WHAT APPEARS TO BE
Where are the important decisions being made in your company?
Have you ever attended a meeting where people nod their heads in approval of a plan being discussed. They may even smile. Sometimes they even voice their commitment to supporting the initiative. And then…
WHAT MIGHT BE
…and then these same people, at the end of the day, as they walk to their car, congregate with other like-minded people and conduct “The Parking Lot Veto”. “They’re crazy if they think I’m going to support that,” they say. In mere seconds, everything that was accomplished in earlier meetings, indeed agreed upon, is dismantled.
Teams that use The Parking Lot Veto as a business strategy suffer. Alignment is an illusion. More meetings are necessary. And customers, who sense the poor quality, walk away.
WHAT CAN BE
How do we stop The Parking Lot Vetoes? The average person is quick to point fingers, blaming others. This oft-used tactic actually breeds more of the same behavior as people rush to the parking lot to vent their frustrations.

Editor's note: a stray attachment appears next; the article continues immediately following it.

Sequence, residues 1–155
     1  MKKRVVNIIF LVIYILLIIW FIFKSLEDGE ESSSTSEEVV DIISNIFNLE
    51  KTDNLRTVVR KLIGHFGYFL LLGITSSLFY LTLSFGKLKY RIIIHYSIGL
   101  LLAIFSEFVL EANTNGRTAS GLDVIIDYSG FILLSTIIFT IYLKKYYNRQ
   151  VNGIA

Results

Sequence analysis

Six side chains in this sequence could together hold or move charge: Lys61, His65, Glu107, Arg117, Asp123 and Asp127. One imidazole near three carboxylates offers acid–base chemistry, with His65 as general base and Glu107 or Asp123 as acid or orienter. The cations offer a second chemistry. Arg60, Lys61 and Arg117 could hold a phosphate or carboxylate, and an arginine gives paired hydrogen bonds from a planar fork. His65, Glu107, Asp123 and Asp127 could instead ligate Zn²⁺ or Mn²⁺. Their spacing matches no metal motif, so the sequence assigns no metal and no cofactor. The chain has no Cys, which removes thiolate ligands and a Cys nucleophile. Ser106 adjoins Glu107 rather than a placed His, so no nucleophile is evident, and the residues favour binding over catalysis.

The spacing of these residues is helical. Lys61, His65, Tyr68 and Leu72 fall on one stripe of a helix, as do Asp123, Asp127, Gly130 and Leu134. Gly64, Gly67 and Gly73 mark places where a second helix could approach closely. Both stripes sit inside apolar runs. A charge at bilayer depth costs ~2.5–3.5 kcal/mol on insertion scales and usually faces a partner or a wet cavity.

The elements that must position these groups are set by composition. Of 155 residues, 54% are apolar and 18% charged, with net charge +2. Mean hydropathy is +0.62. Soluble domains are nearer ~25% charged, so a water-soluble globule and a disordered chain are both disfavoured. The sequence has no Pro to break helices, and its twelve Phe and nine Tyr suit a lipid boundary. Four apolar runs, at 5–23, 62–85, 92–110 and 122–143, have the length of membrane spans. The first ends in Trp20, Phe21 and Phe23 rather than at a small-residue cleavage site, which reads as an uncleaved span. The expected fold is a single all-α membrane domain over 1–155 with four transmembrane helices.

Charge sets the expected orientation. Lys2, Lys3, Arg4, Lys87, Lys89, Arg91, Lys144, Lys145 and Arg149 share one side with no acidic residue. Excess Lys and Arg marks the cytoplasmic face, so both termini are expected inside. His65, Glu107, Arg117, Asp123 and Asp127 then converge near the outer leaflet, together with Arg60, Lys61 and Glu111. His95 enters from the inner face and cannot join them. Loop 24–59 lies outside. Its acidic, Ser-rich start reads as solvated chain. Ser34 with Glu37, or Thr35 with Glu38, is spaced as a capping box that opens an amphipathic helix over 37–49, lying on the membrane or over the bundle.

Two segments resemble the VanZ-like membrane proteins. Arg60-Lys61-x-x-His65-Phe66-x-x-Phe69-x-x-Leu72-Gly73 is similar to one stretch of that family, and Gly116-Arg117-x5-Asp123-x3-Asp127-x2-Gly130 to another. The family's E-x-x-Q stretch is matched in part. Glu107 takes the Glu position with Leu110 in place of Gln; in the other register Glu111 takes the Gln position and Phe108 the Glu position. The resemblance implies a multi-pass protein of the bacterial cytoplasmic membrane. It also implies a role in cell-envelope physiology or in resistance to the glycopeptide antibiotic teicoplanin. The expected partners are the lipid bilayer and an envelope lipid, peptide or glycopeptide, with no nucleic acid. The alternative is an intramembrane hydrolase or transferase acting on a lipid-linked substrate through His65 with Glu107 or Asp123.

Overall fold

There’s a better way to lead. Here are three steps to stopping The Parking Lot Veto:
- Build relationships. As is stated in our upcoming book, Stomp The Elephant In The Office, people who have good relationships with others will then be accountable to those same people. Few people sabotage their partners.
- Consistently cultivate the understanding that all ideas have merit. It’s a fact: People are going to share their thoughts; lead in a way where they can do that in front of you.
- Tap into the motivations of everyone involved. If the only person who is motivated to see a project through is the boss, you can guarantee there will be plenty of vetoes later.
Where are the decisions made in your company: in your meetings or in the parking lot?
What is the difference between what “might be” and what “can be”? You decide.